The online gambling sector in the Netherlands faces another delay after a government minister admitted that preparations had been disrupted.
Sander Dekker, the Minister for Legal Protection, has said that the launch of the new online sector, which has already been affected by a six month delay, had been further delayed by the coronavirus pandemic. The new sector had been due to launch in July next year, but this date is likely to be pushed back a few months following a move by a Dutch Member of Parliament.
Socialist Party politician Michael van Nipsen put forward a proposal requesting a delay last week, one of two similar measures, both of which earned enough support to be put to a full vote of the House of Representatives. Van Nipsen’s motion highlighted the fact that the government and regulator’s preparations for the new online gambling market had been disrupted. According to Van Nipsen, a delay would ensure that the Kansspelautoriteit (KSA) was better able to prepare itself.
Dekker admitted that there were arguments on both sides, including from those who had stated their wish that the online Gambling Act had already been put into operation, but said that a delay was possible due to the disruptive effect of the pandemic:
“At the same time, there are also a number of providers that say: we will soon have to meet all kinds of obligations, and how can we prepare for that? Then there’s the fact that my Ministry has also been very busy lately – a lot of things have been going on. I do not rule out the possibility of a slight delay,” he added. “I see some room for manoeuvre there. I leave the judgment on this motion to the House.”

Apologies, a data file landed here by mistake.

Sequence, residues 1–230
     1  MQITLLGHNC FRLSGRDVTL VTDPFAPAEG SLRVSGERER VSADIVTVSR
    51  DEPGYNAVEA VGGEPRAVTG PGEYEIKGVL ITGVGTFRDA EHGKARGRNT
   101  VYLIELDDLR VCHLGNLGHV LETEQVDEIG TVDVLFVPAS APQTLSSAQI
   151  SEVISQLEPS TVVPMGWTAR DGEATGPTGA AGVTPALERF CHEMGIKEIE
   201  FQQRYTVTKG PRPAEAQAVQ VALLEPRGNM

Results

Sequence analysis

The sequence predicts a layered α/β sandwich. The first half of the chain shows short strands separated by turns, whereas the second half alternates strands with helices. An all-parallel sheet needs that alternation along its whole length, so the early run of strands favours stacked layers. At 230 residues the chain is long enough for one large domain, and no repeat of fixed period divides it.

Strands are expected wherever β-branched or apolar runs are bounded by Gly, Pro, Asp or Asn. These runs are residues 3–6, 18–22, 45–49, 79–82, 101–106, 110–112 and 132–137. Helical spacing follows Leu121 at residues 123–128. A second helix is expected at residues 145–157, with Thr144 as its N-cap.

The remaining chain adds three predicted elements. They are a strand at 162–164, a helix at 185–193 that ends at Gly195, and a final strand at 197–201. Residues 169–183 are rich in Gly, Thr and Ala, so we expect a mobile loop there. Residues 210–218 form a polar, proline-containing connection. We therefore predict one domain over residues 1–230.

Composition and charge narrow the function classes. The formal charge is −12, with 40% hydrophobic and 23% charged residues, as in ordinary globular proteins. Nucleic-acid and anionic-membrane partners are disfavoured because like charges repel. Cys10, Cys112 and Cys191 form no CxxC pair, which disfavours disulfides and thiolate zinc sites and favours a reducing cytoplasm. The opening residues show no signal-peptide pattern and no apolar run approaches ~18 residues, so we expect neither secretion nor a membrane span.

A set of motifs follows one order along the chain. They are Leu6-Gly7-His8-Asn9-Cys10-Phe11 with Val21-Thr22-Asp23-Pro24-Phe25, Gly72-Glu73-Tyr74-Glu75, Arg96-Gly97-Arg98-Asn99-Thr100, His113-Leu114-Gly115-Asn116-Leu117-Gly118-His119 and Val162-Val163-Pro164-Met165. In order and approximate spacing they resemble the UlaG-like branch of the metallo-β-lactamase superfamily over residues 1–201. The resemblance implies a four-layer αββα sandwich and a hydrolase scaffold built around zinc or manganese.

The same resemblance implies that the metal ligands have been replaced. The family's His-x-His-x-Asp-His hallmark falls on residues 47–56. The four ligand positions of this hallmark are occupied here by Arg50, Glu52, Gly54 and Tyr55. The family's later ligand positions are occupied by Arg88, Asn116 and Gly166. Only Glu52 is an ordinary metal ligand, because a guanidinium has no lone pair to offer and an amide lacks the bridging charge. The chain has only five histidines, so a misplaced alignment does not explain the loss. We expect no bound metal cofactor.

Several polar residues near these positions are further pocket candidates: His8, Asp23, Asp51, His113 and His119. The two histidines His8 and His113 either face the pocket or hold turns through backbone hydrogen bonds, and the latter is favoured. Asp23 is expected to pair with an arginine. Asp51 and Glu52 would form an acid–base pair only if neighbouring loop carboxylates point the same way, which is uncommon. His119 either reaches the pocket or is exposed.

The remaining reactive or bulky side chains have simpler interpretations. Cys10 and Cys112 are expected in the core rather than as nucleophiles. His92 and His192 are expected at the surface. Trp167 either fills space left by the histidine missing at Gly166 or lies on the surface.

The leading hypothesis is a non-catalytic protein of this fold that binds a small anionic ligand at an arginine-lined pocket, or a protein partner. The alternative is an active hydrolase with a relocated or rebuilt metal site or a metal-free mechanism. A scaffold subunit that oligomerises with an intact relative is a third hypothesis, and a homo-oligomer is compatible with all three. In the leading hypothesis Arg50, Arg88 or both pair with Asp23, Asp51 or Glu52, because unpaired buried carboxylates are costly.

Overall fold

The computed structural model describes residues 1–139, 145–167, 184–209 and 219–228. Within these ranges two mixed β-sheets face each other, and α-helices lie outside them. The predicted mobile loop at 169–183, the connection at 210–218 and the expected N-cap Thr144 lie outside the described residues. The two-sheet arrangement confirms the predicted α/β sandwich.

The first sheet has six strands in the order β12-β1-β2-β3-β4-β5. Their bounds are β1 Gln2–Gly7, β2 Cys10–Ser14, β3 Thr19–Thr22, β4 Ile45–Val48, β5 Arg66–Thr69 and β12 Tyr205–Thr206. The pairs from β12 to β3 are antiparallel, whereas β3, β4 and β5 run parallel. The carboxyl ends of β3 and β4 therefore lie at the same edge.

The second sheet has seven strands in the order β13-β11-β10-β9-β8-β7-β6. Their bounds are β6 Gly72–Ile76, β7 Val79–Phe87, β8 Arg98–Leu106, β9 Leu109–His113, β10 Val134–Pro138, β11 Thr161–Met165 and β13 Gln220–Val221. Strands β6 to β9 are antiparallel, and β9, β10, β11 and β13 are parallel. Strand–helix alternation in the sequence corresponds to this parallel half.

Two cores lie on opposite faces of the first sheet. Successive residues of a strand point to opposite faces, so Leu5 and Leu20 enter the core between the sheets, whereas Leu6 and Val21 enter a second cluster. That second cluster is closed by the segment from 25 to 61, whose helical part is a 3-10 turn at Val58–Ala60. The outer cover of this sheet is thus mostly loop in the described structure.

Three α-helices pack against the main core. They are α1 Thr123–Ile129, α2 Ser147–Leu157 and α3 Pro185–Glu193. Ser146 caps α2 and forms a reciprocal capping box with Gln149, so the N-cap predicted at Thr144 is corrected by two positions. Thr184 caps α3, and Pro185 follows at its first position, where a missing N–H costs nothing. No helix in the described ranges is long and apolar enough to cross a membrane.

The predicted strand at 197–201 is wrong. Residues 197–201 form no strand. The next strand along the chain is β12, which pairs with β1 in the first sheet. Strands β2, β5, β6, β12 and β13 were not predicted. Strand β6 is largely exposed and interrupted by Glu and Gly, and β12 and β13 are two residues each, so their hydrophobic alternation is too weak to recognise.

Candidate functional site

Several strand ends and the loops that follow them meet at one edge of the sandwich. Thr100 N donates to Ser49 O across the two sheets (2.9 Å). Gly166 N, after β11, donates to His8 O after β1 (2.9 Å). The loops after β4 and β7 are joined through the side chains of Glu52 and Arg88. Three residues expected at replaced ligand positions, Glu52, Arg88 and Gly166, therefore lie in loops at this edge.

When asked by another MP how long the delay could be, the Minister said that he believed it may extend to a few months beyond the July 2021 date. Online gambling in the country was initially scheduled to go live at the start of 2021, but the launch date was later pushed back.
Van Nipsen also put forward a motion addressing the issue of the national self-exclusion scheme, known as the Centraal Register Uitsluiting Kansspelen (Cruks). He said that the market should not be opened until the operation of this authority was stable. He also called for an additional fund to tackle the harm of problem gambling, and increased enforcement action against unlicensed operators.
The long delay in implementing online gambling in the Netherlands has been reflective of concerns in some quarters about the effects of gambling. Last week Dekker moved to address some of these concerns, in the area of excessive gambling advertising. He said that gambling firms should ensure fairness in their advertising by providing full details of any promotions. He also said that gambling advertisements should not create unrealistic expectations or downplay gambling harms.